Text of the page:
If you're like most companies, when a member of your staff gives their two-week notice, you prepare the exit paperwork and say goodbye. However, a few companies have discovered the value in treating their exiting staff as alumni.
An alumnus (a former member of a group, company or organization) can be a great resource to your company. Here are three types of alumni that can benefit your company.
The boomerangNot all staff members who leave are gone for good. Former employees may leave to receive more education, others may move on to a job where they can gain new and additional experience, and still others may leave because they think they may like a different company or position better. Whatever the reason, if they like your company while they are working for you, they may want to come back. In returning, they bring experience from working at your company before and a stronger knowledge base by gaining more education or working in other positions.
The way you handle the exit experience for your employees can make a big impact on the chances of hiring former employees back on again some day. Be sure to let your exiting employee know they are welcome back if they would ever like to return.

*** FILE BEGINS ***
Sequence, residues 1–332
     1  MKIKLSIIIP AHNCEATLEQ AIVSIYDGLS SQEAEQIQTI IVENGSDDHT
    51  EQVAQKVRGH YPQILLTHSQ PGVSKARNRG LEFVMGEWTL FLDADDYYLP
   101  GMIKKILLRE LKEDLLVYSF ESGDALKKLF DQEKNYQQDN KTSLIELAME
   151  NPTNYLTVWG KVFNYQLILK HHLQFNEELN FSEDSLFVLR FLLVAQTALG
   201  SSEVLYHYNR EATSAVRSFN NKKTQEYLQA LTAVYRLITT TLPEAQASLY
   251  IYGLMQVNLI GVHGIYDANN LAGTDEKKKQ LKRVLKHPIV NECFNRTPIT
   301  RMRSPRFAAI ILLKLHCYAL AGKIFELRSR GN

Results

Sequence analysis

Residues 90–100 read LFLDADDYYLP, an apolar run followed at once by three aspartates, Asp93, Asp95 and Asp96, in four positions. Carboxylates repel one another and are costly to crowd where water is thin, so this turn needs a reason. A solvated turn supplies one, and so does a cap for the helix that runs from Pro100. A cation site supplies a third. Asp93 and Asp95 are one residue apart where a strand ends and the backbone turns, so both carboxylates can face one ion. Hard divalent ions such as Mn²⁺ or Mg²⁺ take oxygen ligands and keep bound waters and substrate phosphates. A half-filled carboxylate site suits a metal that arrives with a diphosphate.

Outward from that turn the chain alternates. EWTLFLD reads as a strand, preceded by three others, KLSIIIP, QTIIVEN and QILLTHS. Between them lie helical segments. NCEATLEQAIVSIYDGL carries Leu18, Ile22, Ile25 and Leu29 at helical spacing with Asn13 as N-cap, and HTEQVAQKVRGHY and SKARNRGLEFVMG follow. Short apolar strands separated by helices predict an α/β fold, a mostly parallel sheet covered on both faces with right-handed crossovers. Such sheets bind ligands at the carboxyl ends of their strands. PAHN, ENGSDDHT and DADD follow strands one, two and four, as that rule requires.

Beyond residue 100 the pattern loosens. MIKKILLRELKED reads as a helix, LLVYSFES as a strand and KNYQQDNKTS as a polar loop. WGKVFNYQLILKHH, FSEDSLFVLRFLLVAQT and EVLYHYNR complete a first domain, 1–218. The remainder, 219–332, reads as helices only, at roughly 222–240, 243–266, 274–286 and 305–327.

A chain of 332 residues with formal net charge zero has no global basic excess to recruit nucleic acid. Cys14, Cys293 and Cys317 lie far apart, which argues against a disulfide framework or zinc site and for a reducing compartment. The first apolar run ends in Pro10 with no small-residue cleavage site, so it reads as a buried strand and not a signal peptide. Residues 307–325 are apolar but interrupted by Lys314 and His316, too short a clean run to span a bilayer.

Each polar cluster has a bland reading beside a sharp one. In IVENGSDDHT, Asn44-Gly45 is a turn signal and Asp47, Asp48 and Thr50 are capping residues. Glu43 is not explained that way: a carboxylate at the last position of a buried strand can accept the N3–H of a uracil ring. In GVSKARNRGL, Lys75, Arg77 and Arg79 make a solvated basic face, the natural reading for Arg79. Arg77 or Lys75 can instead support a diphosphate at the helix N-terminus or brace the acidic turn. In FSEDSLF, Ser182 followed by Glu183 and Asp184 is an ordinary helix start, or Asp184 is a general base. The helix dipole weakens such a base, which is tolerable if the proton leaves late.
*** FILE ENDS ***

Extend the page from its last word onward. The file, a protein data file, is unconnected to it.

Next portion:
The referrerA lot of times, employees leave not because they are unhappy, but because they want to continue to grow through education or new experiences. These employees who leave with a positive opinion of the company can be great at referring potential new hires. After all, they know why your company is great and they can encourage friends and family who would be a good fit for the position to apply.
Not only can former employees refer potential new hires, they can also encourage potential patients to use your services. Because they know firsthand how the company operates, former employees can tell potential customers all the benefits your company has to offer. To keep former employees up to date on your current achievements, ask exiting staff if they would like to receive a special alumni newsletter that shares milestones the company hits.
The sounding board
If you're looking for people familiar with your company to give their honest feedback about your brand and customer experience, your former employees may be a good group to talk to. Since they are no longer receiving paychecks, they're more likely to provide objective feedback than employees.